The Intelligent Investor
A bi-weekly publication from Consultiva Internacional, Inc. (Registered Investment Adviser) August 10, 2017
Myrna Rivera, CIMA®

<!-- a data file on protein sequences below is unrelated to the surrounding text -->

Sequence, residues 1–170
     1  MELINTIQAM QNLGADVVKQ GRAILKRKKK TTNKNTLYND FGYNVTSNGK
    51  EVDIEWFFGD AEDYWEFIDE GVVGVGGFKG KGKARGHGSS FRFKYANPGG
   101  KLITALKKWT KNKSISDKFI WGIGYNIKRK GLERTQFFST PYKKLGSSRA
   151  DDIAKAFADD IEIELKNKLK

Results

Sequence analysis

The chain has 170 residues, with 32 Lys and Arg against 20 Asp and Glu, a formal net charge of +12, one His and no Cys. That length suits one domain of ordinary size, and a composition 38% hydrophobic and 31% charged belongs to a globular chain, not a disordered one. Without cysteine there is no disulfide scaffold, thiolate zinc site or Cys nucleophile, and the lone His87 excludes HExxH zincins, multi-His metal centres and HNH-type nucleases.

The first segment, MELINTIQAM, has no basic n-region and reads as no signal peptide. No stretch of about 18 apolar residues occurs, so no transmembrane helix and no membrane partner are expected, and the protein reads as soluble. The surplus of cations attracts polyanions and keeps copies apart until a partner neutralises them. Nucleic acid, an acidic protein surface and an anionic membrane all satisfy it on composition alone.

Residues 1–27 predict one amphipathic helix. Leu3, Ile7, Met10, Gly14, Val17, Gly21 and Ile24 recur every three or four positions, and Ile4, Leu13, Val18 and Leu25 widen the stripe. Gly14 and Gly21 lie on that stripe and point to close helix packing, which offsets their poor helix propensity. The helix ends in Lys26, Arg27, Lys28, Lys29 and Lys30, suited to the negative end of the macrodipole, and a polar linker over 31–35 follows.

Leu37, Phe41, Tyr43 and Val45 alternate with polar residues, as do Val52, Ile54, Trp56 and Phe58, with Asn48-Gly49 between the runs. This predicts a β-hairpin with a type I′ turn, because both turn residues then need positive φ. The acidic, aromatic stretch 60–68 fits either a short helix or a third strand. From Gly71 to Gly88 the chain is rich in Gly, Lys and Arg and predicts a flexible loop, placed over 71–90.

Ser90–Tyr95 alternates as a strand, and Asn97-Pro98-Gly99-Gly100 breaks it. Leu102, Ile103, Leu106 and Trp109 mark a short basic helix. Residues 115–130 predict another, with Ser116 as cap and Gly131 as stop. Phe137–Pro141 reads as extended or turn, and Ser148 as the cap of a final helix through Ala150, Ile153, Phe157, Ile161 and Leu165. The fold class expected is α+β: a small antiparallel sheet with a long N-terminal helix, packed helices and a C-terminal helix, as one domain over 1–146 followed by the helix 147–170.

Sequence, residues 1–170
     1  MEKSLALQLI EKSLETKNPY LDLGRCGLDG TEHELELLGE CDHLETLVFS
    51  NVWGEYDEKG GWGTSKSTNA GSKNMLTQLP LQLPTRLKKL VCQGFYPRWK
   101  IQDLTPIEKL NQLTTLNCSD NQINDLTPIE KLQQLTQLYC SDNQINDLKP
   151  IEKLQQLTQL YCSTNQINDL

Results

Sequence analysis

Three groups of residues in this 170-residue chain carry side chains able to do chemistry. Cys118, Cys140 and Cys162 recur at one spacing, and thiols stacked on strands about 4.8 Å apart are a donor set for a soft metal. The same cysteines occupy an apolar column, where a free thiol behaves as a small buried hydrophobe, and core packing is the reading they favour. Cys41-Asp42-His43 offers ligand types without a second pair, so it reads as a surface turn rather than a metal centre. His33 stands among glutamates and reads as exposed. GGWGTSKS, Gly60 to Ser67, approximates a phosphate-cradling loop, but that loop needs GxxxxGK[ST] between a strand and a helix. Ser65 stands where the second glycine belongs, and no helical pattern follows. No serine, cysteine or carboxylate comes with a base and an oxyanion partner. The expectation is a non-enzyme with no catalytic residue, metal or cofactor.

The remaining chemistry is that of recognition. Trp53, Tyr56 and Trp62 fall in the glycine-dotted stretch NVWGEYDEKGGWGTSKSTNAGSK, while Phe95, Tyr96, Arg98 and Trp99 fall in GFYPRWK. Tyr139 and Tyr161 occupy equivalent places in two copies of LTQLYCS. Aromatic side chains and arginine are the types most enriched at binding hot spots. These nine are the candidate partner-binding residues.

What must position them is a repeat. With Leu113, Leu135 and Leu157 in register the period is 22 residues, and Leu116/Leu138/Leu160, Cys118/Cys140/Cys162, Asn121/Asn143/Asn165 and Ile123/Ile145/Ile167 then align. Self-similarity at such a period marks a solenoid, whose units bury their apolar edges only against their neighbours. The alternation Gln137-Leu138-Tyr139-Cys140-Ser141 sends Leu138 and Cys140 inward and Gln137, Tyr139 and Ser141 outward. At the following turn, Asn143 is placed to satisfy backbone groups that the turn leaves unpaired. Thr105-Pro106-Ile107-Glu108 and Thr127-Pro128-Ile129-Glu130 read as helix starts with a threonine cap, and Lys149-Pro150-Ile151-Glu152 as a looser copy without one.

July gave us yet another month of highs in the U.S. stock market, and a quick look at the Russell 1000 below, will show you how far we’ve come from the economic crisis. Last week, this paved the way for yet another instantly collectible tweet from Trump; “Business is looking better than ever with business enthusiasm at record levels. Stock Market at an all-time high. That doesn’t just happen!” Correct Mr. President, it doesn’t just happen. But, how much of the current streak can we reasonably attribute to the new administration’s policy efforts? According to the New York Times, not much. Recent interviews with CEOs and investors show that they continue to expect policy changes that will boost corporate profits, but admit that the legislative agenda has been seriously bogged down. Some feel that Trump can still come through on his pledge to lower regulatory burdens and costs through executive orders, but acknowledge that these have been slow to implement also. So, if we put aside the administration’s inability to successfully pass any meaningful piece of legislation, what then explains the stock market’s uphill trajectory? Part of the answer appears in the most recent corporate earnings calls, were executives have maintained their focus on the global economy, industry trends and investor concerns, without mentioning regulation related cost savings. Even the financial sector, which seems like one of the most likely to benefit from deregulation, is indicating that it is still too early to predict exactly how these changes are impacting their bottom-line. Nevertheless, the anticipation of change continues to influence markets, and it will for some time, but eventually, perceptions will be tested, and when they are, we will have a better idea of just how much deregulation or any of Trump’s policies will have boosted the economy. Don’t be surprised if deregulation doesn’t amount to much. In a recent article entitled “Regulatory Relief and Growth”, Douglas Holtz-Eakin argued that even if the President is able to “rollback” most of the previous administration regulations, the estimated savings (approximately $980 billion) would be gradually achieved over a 10 year period, which translates to an additional 0.1% point in growth per year. While not insignificant, it shows that long-term economic growth is not achieved “at one fell swoop”.